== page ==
The first few posts of this blog have been spent carving out what my identity on this page should be: Am I a tourist? Am I an expat? Am I here for work or love? Is this my version of “Eat, Pray, Love”? Am I running away from my adult responsibilities? The fundamental answer to all of the above questions is a ‘yes’ of elation: you know, the one where you are jumping around your house to your favourite tune like there is no one creepily watching you (In my case it is the employees at the bank opposite my apartment. What a show they get!) This post comes at a time where I am on my way to see my loved ones in Australia after almost two years. Naturally, this flight is shrouded with introspective soul searching so, instead of simply drowning out my whirling questions with in-flight entertainment, I reached to the overhead storage for my laptop. Here we are.
Here are my fresh responses to these questions:
Am I a tourist?
Yes. I still want to “do Rome” like many people who fantasize about a glamorous “Roman Holiday”. The only difference is, I am a romantic at heart and cannot “do” these one-night stands where I skip a few bases and get straight into bed with a city. You know the type: instantly satisfied by a Colosseum, a Trevi Fountain, a Pantheon and a “gelati” (gelato folks! Gelati is plural). I am for a slow burn: wandering down streets, perusing antique stores, conversing with artisans in Italian, finding something new on every street corner, endlessly looking up. I don’t just want to know about Rome’s best qualities that she puts on her profile, I want a city with substance. A slow undress of her every angle. Her personality.
Am I an expat?
Yes. After braving the queues to get my official residency a couple of years ago at the local town hall, hail skittering down on my umbrella, hands gelid from the cold, I have earned the expat title. I have a job that is the same as what I did back home, my Italian driver’s licence, healthcare card, bus pass and I pay my taxes. Come to think of it, some of these things make me more Italian than some Italians (work out which of the aforementioned apply).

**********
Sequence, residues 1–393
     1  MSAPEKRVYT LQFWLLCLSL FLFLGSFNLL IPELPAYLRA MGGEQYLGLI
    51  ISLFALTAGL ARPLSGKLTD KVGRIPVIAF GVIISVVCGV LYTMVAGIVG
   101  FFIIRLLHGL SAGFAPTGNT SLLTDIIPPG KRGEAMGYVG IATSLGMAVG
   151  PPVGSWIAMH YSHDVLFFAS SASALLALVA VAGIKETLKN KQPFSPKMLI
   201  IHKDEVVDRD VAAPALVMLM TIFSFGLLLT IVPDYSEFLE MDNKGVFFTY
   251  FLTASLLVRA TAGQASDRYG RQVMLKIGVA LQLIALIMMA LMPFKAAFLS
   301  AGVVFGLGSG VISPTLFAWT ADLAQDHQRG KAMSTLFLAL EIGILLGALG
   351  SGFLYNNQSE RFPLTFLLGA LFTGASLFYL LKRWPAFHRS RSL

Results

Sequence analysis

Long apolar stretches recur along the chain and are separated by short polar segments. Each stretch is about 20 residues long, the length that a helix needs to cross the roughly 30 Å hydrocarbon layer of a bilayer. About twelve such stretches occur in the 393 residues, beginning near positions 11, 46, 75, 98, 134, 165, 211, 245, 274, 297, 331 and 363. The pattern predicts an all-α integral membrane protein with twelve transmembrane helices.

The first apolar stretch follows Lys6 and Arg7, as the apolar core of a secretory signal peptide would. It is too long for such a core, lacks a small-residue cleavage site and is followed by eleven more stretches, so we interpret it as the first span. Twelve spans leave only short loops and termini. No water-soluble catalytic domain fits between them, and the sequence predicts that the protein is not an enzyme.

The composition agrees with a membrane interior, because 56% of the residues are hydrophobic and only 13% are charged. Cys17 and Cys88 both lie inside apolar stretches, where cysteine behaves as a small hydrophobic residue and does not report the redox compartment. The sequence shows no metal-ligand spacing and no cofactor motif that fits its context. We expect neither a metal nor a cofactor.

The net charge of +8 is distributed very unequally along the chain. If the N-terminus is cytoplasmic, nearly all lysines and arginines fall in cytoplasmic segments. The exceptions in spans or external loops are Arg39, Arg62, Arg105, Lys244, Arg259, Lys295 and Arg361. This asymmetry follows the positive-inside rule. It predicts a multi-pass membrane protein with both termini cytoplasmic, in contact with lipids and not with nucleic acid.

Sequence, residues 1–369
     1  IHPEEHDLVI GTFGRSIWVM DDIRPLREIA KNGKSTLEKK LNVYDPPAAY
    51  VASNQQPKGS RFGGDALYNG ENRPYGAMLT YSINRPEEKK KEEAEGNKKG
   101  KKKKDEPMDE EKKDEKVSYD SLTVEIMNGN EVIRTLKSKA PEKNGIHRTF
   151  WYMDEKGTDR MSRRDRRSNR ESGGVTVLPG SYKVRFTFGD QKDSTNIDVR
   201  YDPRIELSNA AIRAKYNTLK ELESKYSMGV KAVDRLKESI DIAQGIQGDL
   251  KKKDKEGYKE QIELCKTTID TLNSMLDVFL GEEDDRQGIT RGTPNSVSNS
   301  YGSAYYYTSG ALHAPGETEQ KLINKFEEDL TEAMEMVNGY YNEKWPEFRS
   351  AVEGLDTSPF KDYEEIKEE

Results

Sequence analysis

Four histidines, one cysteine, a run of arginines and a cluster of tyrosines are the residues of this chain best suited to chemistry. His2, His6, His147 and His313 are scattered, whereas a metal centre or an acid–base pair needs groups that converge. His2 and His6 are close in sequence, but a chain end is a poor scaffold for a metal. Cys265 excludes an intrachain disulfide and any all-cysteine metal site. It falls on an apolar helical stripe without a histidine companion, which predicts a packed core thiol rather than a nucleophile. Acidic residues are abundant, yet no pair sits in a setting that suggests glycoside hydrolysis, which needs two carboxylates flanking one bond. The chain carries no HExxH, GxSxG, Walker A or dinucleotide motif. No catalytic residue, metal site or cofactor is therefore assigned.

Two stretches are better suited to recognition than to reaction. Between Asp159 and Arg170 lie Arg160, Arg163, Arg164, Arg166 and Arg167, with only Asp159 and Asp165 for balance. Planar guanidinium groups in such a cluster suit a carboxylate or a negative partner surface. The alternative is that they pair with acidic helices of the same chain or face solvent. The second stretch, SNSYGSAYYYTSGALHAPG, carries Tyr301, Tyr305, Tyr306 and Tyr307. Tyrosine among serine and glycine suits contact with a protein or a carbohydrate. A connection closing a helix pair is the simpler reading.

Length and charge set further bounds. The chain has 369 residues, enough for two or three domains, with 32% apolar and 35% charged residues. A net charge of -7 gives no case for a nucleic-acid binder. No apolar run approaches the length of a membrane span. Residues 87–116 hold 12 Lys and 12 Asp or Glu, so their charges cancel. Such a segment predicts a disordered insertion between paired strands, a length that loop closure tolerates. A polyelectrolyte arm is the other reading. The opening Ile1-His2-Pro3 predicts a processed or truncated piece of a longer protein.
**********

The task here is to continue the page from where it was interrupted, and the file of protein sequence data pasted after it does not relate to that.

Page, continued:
Being a Roman bureaucratically is one thing, understanding the culture with all of its nuances is not as simple as adding a few sporadic hand gestures. When I used to teach Italian in Australia, part of the school curriculum was understanding culture which definitely shaped how I learned and, subsequently, taught the language. It is in the little things: the knowledge that milky coffees are completely faux pax after about 10am, the buses will not run on time most of the time(ever), the fact that you were born either as a Laziale or Romanista as football supporters, the fact that Carbonara is made with pork cheek and (never) bacon, having an aperitivo can often turn into an apericena where you don’t have a proper dinner. Admittedly, as I rattle these things off in my head, they decry stereotypes. There are many more, but as a Roman import here, I can say that knowing the language (and a few phrases in Romanaccio dialect) has made an immense difference. When you only speak English, you live the city on a surface level where you will always be a guest, having years of teaching Italian under my belt has given me the opportunity to live Rome. Indeed, working in an international environment, it would be easy to swathe myself in an English world. While I adore my fellow expatriates, I could not say I truly lived in Rome without my Italian family,
Am I here for work or love?
Both. Such a complex question that is the crux of my adult life! Every decision I have made since the tender (I sound like a chicken breast) age of 15 has been espoused by some absurd impulse to find romance everywhere but Australia: I fell in love (most definitely romanticised as opposed to romantic) with a boy from Apulia at the age of 15, who I then went on to date for seven years. In that time, I moved to Italy and lived in the most socially backward yet traditionally beautiful village for five years. When returning to the original question, I can categorically say I was here for what I thought was love.